Or what it might mean to the shortwaves themselves, which we in North America may appreciate a source of nostalgia or entertainment––and, yes, handy for keeping time––we have to recognize that there are still pockets of our world, especially in remote, rural, and/or war-torn regions, where shortwave radio is especially vital.

So, something that belongs to all of us––yet another example of a global source of information––may soon be taken away.  If you disagree with this proposal, I urge you to contact your local representatives, and sign this White House petition.

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NIST: Official response to closure questions

WWV building in Fort Collins, Colorado (photo courtesy: NIST)

I’ve just received the following formal response from the National Institute of Standards and Technology (NIST) regarding the President’s NIST FY 2019 budget request:

(Source: NIST)

NIST has a long-standing history of providing time and frequency services through our radio stations and we appreciate that many people use these services.   NIST’s WWV is the longest continuously-operating radio service in the U.S.  At the same time, the proposed NIST budget for FY 2019 required difficult choices about budget priorities.

The President’s full NIST FY 2019 budget request to the Congress is available at the link below, including a brief description of why the shutdown of NIST’s time and frequency radio stations is proposed. The proposal includes shutdown of NIST’s three radio stations, WWV, WWVH, and WWVB, which communicate with consumer clocks, watches, broadcasting systems and other devices. It is important to note that no changes to NIST services have occurred, and if the proposal were to be implemented, public notice would be provided.

http://www.osec.doc.gov/bmi/budget/FY19CBJ/NIST_and_NTIS_FY2019_President’s_Budget_for_508_comp.pdf. See page NIST-25.  

Here is a link to the NIST Budget Table for the FY2019 Presidential Request.

Also, for context, it may be helpful to view links to press releases issued in May and June 2018 by the U.S. House of Representatives and the Senate Committees on Appropriations about the FY2019 budget process.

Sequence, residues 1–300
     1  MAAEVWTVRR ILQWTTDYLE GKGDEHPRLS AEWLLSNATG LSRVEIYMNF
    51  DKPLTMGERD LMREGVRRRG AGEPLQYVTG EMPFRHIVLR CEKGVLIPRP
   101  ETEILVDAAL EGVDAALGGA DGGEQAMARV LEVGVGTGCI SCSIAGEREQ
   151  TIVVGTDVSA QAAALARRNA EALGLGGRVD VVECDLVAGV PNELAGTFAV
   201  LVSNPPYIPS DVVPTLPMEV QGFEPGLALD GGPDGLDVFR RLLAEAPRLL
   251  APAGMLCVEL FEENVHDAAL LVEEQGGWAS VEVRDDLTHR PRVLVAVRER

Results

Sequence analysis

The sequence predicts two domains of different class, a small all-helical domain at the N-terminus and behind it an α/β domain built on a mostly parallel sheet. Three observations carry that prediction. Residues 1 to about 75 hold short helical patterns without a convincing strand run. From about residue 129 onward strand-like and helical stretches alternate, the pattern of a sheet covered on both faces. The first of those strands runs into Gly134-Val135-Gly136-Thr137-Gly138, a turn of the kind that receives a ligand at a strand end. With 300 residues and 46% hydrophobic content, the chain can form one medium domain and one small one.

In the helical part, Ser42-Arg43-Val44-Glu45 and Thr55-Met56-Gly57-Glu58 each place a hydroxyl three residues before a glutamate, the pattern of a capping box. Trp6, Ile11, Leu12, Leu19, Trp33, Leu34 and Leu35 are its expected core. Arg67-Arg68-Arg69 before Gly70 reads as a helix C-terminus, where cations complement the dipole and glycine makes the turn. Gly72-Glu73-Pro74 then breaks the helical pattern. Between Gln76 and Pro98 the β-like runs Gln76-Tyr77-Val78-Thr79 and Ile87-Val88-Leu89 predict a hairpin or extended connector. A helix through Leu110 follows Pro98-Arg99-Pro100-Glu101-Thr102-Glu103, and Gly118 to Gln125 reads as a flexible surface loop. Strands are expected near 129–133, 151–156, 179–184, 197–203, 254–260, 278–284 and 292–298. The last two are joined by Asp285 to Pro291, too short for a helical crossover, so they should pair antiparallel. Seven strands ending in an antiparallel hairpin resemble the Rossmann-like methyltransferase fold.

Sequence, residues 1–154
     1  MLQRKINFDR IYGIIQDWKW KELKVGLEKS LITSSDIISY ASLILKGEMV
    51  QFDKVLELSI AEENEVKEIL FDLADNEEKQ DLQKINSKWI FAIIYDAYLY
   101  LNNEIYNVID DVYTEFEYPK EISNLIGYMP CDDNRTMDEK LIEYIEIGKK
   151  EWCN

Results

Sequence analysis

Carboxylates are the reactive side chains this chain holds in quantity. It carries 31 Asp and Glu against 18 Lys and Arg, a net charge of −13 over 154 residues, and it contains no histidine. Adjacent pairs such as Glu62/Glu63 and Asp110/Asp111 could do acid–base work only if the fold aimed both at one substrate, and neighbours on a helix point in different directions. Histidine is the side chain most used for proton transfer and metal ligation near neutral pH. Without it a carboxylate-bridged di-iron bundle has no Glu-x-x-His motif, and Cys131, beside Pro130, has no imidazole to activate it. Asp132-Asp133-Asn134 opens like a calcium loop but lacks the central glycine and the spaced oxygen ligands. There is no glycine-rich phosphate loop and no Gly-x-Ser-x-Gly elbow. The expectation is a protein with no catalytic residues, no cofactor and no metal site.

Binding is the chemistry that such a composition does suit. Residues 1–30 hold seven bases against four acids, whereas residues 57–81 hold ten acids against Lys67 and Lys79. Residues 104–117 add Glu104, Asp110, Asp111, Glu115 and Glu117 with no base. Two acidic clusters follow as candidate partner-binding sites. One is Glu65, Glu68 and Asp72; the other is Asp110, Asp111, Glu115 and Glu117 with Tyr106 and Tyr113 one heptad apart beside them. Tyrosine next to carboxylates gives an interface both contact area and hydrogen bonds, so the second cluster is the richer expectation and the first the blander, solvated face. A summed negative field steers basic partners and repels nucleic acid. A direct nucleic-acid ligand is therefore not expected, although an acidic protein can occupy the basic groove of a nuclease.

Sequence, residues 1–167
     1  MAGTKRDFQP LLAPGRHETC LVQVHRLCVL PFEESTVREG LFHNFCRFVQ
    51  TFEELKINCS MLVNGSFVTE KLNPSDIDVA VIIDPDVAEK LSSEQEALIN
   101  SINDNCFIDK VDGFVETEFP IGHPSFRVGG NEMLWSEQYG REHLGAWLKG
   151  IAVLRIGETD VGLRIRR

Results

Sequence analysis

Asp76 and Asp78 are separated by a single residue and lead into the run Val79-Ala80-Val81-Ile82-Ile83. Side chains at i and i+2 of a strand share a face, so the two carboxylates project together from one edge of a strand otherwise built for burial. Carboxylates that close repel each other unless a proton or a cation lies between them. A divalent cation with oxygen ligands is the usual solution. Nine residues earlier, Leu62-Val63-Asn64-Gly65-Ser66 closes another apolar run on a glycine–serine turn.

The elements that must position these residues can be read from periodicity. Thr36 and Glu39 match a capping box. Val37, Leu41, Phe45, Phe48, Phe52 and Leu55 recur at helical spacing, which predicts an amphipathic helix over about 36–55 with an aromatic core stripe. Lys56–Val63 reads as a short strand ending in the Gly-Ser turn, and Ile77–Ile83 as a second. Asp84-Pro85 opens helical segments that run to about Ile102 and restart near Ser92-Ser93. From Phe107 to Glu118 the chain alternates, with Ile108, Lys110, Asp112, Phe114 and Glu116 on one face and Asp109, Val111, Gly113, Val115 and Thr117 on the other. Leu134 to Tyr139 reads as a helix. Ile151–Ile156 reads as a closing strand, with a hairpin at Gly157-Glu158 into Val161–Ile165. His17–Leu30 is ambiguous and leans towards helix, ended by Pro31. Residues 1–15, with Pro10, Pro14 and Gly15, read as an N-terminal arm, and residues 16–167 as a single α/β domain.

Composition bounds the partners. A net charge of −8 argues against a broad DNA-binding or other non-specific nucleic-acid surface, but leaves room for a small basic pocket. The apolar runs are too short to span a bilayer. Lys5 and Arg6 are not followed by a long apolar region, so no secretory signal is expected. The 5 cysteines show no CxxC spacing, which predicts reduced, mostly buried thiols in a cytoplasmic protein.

House

Senate

This response leaves no room for debate: all three NIST radio stations–WWV, WWVH and WWVB–are included in the proposed cuts.

Of course, we’re following this story closely. Bookmark and check the tag WWV for updates.

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Information from the NIST regarding possible closure WWV radio stations

WWV’s transmitter building in Fort Collins, Colorado (2014)

Regarding the NIST FY2019 budget which includes a request to shutdown WWV, WWVH, and WWVB, many of you have been asking if there has been an update.

We will keep you posted as this budget moves through the process, but in the meantime I’ll share the feedback and links provided by Gail Porter, Public Relations Director for the National Institute of Standards and Technology (NIST).

Ms. Porter writes:

We are proud of the time and frequency services we provide through our radio stations and understand that these services are important to many people.

As you likely know, the President proposes budgets for executive branch agencies and then the Congress considers that request before determining funding levels for each agency and passing an appropriations law to implement a budget for a given year.

The President’s full NIST FY 2019 budget request to the Congress is available at the link below, including a brief description of why the shutdown of the radio stations is proposed: http://www.osec.doc.gov/bmi/budget/FY19CBJ/NIST_and_NTIS_FY2019_President’s_Budget_for_508_comp.pdf. see page NIST-25.

[…]The sentence below, which appears on page NIST 25, is the best description we have available to respond to your question.

“To consolidate and focus work on NIST efforts in quantum science, while maintaining essential core capabilities in measurement science research and measurement dissemination NIST will eliminate efforts that have been replaced by newer technologies, measurement science work that lies outside of NIST’s core mission space, and programs that can no longer be supported due to facility deterioration.”

[…]Here is a link to the NIST Budget Table for the FY2019 Presidential Request.

Also, in case these are of interest, here are links to press releases issued in May and June 2018 by the U.S. House of Representatives and the Senate Committees’ on Appropriations about the FY2019 budget process:

House

Senate

Hope this information is helpful.

Many readers have been asking if all NIST stations are included in these cuts–the answer is yes.

If this budget passes as written, WWV, WWVH, and WWVB will all be closed.

If you value these NIST time stations, I would encourage you to contact your local representatives, and sign this White House petition.